It turns out that I was close. The MTR-12 sends out a 1 for no sign, and an 8 for the minus sign. You win some, you lose some. Lol.
For testing, I wrote two new routines, Display() and decodeA(), and created four new variables currentA, lastA, currentB and lastB. The variables all have the value ” -00000″ when the program starts. The first two characters are empty spaces, because the MTR-12 does not use an S value of 0 or 1 to activate any digits, and I am using the currentS variable to determine which position I am going to place a digit. The Display() routine reads the four A pins (A0, A1, A2, and A3) then calls decodeA() with the pin results. It then looks at the character returned and, if the currentS variable is 2 (the sign digit,) it changes an ‘8’ to a ‘-‘, and anything else to an empty space. Any other digit is stored in the currentSth place in the currentA variable. The routine then moves on to reading all of the B pins (B0, B1, B2, and B3) and repeats the above sequence for those, storing them into the currentB variable. currentA and currentB are then compared to lastA and lastB and, if either is different, it spits out the new time. I then started testing this setup…
So, a microsecond (µs) is 1/1,000,000th of a second. That’s 0.000001 of a second. It’s an incredibly short period of time, but it is the increment at which I apparently have to think when it comes to making the Arduino pretend to be an auto-locator.
When I was first trying the Display() routine, all I was getting at the A and B pins was binary 0000, which is all displays off. It took a bit of trial and error to realize that things were happening too quickly for the MTR-12. My decodeS() routine takes around 24 µs to respond to a change in the pin states, completely read all of the S pins, decode the result, and then store that result into the currentS variable. It was then calling the Display() routine, which immediately starts reading the A and B pins. It turns out that 24 µs after the S channel changes, the A and B pins are still not ready to be read. I inserted a 1 µs delay after the decodeS() routine, and before the call to Display(), and started to increase it until I saw the pins were ready with real data. At 20 µs, the pins started to show some changes, but it wasn’t until it reached 50 µs that I started to see real display times coming through. I will make the Arduino do some other tasks, like switches and keypad tasks, in this spot in the future, and see if I can get rid of the need to delay the processing. Leaving an “on purpose” processing delay in a final program makes me twitch a little bit…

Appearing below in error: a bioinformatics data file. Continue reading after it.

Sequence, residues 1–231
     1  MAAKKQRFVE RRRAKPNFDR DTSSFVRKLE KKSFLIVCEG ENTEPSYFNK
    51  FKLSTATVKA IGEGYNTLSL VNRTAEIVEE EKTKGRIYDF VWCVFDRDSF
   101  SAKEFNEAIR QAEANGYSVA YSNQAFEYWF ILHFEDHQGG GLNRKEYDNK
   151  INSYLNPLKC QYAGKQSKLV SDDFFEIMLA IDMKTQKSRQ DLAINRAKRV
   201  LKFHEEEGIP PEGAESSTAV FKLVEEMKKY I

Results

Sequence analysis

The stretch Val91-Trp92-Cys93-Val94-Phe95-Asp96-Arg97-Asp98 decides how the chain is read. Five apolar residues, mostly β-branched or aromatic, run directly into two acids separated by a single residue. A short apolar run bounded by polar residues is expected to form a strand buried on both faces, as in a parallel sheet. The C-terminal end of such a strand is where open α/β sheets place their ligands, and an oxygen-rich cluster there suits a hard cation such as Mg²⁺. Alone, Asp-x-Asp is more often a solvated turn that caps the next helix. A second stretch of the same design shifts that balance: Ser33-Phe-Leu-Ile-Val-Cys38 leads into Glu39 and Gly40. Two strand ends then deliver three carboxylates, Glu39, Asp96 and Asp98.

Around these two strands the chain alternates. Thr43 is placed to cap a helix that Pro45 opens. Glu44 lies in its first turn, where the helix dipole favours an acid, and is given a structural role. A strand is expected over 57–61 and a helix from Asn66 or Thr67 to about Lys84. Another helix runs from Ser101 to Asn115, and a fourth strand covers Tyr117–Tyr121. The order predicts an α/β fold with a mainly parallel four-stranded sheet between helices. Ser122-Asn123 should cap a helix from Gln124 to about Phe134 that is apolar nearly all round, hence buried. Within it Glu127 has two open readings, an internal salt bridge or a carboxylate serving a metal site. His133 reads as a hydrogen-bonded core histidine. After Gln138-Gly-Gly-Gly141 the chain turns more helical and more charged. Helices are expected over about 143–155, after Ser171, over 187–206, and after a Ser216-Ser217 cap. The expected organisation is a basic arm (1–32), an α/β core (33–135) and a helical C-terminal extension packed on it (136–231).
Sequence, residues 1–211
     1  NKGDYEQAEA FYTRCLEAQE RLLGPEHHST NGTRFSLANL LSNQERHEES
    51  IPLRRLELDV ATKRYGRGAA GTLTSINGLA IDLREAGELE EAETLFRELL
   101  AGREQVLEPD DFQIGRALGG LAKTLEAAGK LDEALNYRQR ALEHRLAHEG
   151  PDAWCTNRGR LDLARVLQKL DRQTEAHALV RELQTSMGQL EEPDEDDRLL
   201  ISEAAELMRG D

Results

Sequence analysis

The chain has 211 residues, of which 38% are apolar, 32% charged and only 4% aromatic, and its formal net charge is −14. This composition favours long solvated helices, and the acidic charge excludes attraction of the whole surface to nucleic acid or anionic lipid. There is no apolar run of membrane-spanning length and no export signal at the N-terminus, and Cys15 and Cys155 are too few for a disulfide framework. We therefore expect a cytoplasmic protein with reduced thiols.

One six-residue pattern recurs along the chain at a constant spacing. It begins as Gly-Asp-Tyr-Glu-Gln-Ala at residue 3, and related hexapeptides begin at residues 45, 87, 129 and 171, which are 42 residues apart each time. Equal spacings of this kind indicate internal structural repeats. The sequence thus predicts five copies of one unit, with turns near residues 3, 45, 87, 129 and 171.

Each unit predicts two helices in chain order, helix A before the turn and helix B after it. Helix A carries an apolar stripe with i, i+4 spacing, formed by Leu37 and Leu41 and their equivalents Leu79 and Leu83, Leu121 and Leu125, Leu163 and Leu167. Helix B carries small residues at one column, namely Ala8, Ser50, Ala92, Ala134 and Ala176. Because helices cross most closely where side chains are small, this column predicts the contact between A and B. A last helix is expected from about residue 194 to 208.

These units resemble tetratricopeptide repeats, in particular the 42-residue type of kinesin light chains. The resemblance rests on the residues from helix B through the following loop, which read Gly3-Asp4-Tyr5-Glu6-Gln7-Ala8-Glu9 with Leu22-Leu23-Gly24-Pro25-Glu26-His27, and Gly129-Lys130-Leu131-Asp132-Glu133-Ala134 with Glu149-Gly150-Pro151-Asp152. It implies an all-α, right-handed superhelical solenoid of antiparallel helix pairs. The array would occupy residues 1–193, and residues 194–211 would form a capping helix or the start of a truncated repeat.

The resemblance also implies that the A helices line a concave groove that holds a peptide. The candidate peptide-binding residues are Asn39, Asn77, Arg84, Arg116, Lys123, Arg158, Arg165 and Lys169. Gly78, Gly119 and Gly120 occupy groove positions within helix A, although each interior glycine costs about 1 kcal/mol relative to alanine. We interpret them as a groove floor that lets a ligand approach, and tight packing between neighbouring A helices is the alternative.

To summarize the timing:
- Interrupt call to decodeS() every 640 (ish) µs
- Completion of decodeS() @ 24 µs
- Processing delay of 50 µs
- Call to Display() function @ 74 µs
- Completion of Display() (and its calls to decodeA()) @ 124 µs
- Sit and wait for another 516 µs for the next interrupt call
Like I said before, the Arduino can make some toast and have a little nap between these interrupt events.
After sorting all of this out, I was getting really good data from both the A and B channels, with only one small issue. It was driving me nuts. If you watch the testing video, it should become apparent to you.
The MTR-12 has an inherent offset for a connected auto-locator. The point at which the time changes on the auto-locator outputs is actually later than it changes on the machine itself. I thought it was just slow in sending out the time update, but it is definitely doing it on purpose, possibly to allow itself to finish all of the internal processing before it starts to deal with an external device. You can actually rock the tape by hand back and forth over the spot where it changes the auto-locator time, and the time message will be sent each time you cross that line, but the time on the machine doesn’t change at all. At 15 IPS, the length of this offset is 10 inches of tape later than the machine’s time change point. That is almost a full second offset. Strange, but true, and the old auto-locators would have had the same offset. Not really of any consequence to me though. I think I can live with it. If I find it bothers me at all, I will write a routine to correct for it.
So, I have an almost fully working auto-locator. All of the Lamps, Switches and Displays are functioning well. The only thing left to do is fake a working keypad. This may be the trickiest of all, as you will see in the next post. Stay tuned.